The Metropolitan police has won its battle to stop attending most of the mental health calls it receives after a tense behind-the-scenes row with the health service, the Guardian has learned.
From 31 October the Met will start implementing a scheme that aims to stop officers being diverted from crime fighting to do work health staff are better trained for.
In May, the Guardian revealed that the Met commissioner, Sir Mark Rowley, had written to health and social care leaders setting a deadline of 31 August – leading to furious reaction from health chiefs who wrote to the commissioner protesting that it would put vulnerable people at risk.
The agreement means Rowley will push his deadline for the start of the changes back by two months, before a phased introduction. Health services will not publicly criticise the police decision, and will race to put measures in place to pick up the work.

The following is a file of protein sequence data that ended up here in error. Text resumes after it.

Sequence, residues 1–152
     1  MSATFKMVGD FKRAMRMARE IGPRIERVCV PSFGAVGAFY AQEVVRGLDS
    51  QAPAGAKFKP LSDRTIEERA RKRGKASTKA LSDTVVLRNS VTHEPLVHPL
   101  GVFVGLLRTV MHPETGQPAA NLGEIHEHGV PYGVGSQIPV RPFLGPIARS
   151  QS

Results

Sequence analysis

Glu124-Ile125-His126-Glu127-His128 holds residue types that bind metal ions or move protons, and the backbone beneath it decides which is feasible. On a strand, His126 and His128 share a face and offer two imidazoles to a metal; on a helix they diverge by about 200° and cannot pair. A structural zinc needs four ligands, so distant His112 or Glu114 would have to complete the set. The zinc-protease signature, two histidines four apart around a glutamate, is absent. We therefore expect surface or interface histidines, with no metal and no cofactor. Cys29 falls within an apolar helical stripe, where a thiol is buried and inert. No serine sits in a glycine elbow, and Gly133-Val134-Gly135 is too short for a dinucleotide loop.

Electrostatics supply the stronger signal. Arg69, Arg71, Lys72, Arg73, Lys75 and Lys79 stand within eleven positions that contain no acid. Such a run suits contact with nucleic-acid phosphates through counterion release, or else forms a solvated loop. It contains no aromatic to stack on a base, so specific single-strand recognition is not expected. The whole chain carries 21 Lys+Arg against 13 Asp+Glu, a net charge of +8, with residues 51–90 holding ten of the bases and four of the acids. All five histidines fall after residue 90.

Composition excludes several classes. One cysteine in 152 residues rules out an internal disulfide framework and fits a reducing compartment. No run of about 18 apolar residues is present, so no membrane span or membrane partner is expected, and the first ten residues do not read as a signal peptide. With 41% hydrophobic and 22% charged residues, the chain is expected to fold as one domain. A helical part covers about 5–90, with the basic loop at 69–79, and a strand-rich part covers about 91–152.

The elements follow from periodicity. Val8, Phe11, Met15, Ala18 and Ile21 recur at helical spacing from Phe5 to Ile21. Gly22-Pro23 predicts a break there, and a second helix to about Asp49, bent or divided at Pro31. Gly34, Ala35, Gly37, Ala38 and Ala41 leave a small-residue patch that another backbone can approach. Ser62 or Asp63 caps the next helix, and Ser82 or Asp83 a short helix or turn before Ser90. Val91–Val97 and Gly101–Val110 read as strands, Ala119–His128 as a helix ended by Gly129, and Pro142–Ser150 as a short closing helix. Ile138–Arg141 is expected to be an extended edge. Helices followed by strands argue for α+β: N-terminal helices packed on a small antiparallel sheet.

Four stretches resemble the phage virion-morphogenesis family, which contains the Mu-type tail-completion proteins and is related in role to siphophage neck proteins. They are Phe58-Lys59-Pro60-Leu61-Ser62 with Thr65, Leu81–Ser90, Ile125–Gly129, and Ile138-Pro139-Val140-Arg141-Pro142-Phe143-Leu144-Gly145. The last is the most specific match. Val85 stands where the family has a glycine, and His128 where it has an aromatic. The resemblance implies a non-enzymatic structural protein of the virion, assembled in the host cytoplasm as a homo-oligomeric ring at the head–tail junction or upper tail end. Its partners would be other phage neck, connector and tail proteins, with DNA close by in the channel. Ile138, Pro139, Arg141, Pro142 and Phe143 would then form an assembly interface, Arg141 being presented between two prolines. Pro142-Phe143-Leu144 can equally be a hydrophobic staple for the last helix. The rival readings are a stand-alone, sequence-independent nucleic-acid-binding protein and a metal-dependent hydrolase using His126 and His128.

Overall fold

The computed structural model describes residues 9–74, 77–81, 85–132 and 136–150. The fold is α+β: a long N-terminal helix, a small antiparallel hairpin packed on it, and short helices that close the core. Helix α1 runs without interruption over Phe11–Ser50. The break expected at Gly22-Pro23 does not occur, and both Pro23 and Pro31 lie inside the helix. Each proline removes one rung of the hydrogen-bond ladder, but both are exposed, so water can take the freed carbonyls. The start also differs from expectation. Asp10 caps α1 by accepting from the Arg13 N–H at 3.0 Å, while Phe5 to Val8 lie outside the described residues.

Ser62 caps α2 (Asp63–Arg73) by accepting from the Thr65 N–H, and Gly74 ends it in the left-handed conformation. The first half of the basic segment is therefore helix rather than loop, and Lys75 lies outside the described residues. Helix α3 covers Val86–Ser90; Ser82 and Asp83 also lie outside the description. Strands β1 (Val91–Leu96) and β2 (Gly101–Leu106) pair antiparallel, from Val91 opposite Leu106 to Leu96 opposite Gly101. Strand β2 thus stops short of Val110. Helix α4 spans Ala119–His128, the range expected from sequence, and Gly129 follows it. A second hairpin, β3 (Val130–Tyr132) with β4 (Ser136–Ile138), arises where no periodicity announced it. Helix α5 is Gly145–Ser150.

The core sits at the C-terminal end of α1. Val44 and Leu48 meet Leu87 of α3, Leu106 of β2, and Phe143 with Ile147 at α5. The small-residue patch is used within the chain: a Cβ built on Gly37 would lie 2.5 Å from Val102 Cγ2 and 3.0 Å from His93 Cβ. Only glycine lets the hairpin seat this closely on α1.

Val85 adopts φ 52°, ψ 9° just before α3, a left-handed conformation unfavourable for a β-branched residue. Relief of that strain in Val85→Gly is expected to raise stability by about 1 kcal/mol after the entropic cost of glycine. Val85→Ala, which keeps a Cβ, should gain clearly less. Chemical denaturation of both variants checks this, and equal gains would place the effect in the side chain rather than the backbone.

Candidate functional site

The scheme is called Right Care Right Person (RCRP), and has been agreed nationally by government departments and national police and health bodies.
The letter sent on Thursday says: “In practice, this means that police call handlers will receive a new prompt relating to welfare checks or when a patient goes absent from health partner inpatient care. The prompt will ask call handlers to check that a police response is required or whether the person’s needs may be better met by a health or care professional.”
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Source: The Guardian, 17 August 2023